A word that certainly could be used to describe the current economic state, especially in the US, is ‘uncertain.’ While there have been no credible declarations of a recession by any experts, there is much talk of the looming possibility of one. Both interest rate risk and liquidity risk are driving this unpredictability in the future of the market, but credit unions are simultaneously seeing strong performance with growing assets and increased membership. Rodney Hood, 11th Chairman and current Board Member of the National Credit Union Administration, joined our own Rick DeLisi to discuss current economic trends and how they affect credit unions and their members.
Here are some of the key takeaways from that discussion:
Should Credit Unions be Taking Risks?
One of the major questions to consider during this economic period is whether or not credit unions should be cautious, or if there are opportunities that might be available as uncertainty looms, to increase member loyalty and the overall member experience. Hood explains that during his tenure at the NCUA, his advice has always been that “it’s all about risk management and not risk avoidance.” He advises that while credit unions should be prudent and thoughtful, there are still opportunities that can keep credit unions thriving no matter what headwinds they may be facing.
As such, to help weather the storm, credit unions can raise early redemption fees to mitigate liquidity risks, monitor the spread between money market rates and external rates offered by public funds, and track outflows of money market share account balances. Hood also suggests to “continuously review and update your credit union’s asset liability management (ALM) model assumptions, because that’s really going to help you improve liquidity and income projections in the days ahead.”
The most important thing that Hood says credit unions should be doing is maintaining the level of trust and support that draws members to them in the first place. “The best thing to do now, during this time of uncertainty, is making sure that you’re going to be that port in the storm for those nearly 5 million members who came to credit unions during the onset of the pandemic,” says Hood. Surveys show credit unions rank higher than banks and other financial institutions on trust, so maintaining that trust through quality member service and relationship building is a must.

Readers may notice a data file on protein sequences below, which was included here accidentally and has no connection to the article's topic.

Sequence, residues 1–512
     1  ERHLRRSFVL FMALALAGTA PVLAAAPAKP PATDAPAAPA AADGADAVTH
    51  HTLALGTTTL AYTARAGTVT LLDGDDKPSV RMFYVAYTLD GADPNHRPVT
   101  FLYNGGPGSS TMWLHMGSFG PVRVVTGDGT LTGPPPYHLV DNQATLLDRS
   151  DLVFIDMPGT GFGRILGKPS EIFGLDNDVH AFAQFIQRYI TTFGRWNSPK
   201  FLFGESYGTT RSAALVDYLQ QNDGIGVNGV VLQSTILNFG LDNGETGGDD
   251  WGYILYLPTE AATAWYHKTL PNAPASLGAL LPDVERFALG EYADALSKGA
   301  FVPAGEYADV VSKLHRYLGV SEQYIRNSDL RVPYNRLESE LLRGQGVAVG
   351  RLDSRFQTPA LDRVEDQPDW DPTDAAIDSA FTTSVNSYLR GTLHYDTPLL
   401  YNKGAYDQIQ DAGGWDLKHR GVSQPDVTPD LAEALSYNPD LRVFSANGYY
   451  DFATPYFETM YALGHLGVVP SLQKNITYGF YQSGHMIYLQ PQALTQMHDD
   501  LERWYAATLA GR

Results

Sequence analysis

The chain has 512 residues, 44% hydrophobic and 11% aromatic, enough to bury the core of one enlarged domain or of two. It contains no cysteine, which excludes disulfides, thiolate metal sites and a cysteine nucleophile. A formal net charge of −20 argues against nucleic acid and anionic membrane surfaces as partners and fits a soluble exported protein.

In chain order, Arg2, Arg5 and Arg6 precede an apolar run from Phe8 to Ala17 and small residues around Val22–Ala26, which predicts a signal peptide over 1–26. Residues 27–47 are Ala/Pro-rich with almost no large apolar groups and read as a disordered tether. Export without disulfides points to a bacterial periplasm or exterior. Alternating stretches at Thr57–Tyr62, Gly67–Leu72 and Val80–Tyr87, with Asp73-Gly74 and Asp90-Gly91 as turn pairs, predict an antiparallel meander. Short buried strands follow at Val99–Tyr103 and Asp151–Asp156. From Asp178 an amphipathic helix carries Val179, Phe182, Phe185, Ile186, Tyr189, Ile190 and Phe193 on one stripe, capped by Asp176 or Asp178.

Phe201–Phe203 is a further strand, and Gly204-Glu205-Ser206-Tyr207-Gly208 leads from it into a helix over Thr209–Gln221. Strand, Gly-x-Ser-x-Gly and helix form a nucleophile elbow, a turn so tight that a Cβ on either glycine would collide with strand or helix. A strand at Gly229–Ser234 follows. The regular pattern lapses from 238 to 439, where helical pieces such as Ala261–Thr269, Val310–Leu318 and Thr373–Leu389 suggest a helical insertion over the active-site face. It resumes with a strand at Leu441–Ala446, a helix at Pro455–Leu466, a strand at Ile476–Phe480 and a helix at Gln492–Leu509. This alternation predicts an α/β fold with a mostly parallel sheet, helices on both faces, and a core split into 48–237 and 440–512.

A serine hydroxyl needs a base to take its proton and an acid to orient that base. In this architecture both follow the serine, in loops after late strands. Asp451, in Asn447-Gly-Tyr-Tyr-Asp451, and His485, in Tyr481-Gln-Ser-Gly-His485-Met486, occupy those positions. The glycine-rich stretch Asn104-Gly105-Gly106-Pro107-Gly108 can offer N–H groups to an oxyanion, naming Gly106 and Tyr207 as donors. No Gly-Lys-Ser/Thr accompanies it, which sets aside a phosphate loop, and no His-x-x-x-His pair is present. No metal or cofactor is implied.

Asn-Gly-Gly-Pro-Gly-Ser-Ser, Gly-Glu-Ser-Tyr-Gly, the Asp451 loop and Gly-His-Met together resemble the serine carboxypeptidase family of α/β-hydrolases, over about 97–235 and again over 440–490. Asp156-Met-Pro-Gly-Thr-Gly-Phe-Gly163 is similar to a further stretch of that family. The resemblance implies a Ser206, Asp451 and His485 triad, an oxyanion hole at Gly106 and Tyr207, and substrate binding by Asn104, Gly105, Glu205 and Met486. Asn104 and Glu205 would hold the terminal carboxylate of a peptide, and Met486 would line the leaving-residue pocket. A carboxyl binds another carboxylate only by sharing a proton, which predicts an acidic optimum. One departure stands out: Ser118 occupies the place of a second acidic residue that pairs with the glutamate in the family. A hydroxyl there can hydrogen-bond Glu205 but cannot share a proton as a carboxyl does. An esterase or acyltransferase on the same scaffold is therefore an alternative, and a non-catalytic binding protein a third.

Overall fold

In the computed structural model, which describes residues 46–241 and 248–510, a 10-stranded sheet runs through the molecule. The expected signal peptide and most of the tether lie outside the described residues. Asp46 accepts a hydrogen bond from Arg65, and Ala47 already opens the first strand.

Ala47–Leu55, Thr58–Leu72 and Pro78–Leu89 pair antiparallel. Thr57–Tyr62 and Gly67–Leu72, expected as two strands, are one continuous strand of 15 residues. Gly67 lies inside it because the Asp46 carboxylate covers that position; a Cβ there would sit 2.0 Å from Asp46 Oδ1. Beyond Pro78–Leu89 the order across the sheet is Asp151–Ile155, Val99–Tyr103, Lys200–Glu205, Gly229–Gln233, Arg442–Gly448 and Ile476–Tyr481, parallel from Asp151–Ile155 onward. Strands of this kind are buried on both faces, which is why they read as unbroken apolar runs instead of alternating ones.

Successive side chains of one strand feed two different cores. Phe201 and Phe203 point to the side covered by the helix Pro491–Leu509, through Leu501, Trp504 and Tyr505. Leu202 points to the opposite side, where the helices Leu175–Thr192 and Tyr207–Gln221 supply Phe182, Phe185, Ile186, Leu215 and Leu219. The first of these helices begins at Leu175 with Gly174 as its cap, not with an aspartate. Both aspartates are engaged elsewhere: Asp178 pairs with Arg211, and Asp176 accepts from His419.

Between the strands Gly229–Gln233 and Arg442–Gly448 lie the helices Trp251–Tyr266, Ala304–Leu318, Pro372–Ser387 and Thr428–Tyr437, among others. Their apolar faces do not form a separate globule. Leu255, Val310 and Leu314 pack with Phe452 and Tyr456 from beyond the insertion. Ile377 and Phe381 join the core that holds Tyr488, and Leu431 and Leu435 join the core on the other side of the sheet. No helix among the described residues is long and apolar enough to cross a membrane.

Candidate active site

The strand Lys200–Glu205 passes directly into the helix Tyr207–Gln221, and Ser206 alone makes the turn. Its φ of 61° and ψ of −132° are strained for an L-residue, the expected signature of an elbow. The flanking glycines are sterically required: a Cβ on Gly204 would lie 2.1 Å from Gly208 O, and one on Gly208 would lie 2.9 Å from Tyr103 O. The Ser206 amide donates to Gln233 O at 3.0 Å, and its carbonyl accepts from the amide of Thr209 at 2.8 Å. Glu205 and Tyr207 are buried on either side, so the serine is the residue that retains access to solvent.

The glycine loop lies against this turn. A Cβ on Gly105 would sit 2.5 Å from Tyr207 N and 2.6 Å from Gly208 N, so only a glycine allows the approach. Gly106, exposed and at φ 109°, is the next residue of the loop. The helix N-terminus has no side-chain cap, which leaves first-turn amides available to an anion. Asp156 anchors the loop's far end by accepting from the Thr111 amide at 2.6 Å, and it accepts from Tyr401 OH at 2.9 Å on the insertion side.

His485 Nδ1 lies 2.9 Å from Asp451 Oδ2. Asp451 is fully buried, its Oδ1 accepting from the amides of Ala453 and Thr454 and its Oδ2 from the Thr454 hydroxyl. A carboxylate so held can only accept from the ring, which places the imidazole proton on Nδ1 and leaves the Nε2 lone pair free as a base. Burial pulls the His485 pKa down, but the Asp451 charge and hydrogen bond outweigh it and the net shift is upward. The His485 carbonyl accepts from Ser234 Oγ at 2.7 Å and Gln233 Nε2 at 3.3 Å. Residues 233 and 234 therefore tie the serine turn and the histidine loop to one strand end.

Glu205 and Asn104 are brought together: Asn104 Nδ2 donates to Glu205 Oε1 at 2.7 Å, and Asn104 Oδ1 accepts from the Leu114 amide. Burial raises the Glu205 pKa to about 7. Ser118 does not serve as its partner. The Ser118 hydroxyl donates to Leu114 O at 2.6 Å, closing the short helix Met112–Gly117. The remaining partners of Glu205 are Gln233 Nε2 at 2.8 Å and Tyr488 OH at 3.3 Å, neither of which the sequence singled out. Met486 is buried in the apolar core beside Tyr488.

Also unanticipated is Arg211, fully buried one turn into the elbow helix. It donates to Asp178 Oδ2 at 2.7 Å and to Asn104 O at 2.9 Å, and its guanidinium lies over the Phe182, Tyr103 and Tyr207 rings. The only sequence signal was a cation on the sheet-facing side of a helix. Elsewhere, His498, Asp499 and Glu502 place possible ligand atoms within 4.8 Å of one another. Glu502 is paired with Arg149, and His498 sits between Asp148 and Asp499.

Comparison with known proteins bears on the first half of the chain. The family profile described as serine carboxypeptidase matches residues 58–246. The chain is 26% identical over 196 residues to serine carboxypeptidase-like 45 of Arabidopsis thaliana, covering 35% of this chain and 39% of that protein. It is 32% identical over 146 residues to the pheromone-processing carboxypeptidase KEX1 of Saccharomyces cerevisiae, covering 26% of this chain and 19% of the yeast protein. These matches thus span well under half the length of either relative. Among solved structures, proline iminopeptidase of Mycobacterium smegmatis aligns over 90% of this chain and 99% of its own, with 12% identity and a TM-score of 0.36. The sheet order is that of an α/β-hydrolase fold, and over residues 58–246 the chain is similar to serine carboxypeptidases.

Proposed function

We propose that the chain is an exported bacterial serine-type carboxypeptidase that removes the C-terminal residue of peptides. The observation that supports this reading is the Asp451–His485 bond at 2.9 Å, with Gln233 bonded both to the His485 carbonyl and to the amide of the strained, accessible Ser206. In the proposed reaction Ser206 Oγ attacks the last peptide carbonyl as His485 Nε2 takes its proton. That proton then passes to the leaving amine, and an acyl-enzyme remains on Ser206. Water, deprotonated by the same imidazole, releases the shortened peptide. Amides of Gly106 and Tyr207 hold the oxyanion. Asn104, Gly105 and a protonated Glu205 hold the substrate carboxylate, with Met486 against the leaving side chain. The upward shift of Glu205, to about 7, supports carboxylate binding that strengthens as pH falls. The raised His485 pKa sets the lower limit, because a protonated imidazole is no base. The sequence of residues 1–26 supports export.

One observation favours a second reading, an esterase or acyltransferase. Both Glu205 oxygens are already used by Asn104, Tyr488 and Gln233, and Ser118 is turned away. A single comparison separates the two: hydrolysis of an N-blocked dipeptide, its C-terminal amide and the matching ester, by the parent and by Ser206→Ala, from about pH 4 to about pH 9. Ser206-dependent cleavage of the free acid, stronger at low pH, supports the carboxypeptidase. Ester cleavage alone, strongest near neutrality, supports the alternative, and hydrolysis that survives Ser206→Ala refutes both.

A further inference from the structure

Protecting Members from Fraud
One thing that Hood is reporting is an uptick in fraud, both identity and cybersecurity related, stemming from the pressures that come from an uncertain financial environment. “It’s always in these times of uncertainty that the bad actors always want to take advantage of our community” says Hood, along with a call for credit unions to increase fraud awareness and identify fraud risk.
Hood urges credit unions to look at fraud mitigation from an internal perspective as well as externally, providing training for employees to detect and avoid deceptive attacks. Hood also suggests credit unions should have a “safe and judgment-free way to identify and raise the levels and issues regarding fraud,” and suggests refreshing training courses for preventing and identifying malicious practices.
Many questions were brought up by the audience during the webinar regarding technology and new innovations now being used by leading credit unions. Hood emphasizes his own interpretation of the term ‘innovation,’ explaining that it involves “taking new tools and products to bring about greater results,” and suggests these new tools be used to help credit unions “optimize their ability to serve their members.”
NCUA is creating an Office of Innovation and Access to help bring fintech solutions more broadly into the credit union system. Hood emphasizes that integrating these into credit unions is “not because it’s the latest, shiniest toy,” but because it is “integral to the ongoing success of the credit union system.” It is important that credit unions look to these new tools in order to remain competitive and to differentiate themselves as new members look for their next financial service vendor of choice. “Our credit unions are going to need to have some of these tools to remain vibrant in today’s dynamic financial services marketplace,” explains Hood.
More and more, members are expecting a higher level of digital service from their credit unions. Embracing fintechs is how a credit union can better prepare itself for this shift towards digital-first service expectations. Many are recognizing that members want to be served technologically, over the internet or through their smartphone apps, and embracing this change is integral to the continued survivability of credit unions.
Want to hear more from Rodney Hood about credit unions in uncertain economic times? Check out the webinar replay to hear the full conversation.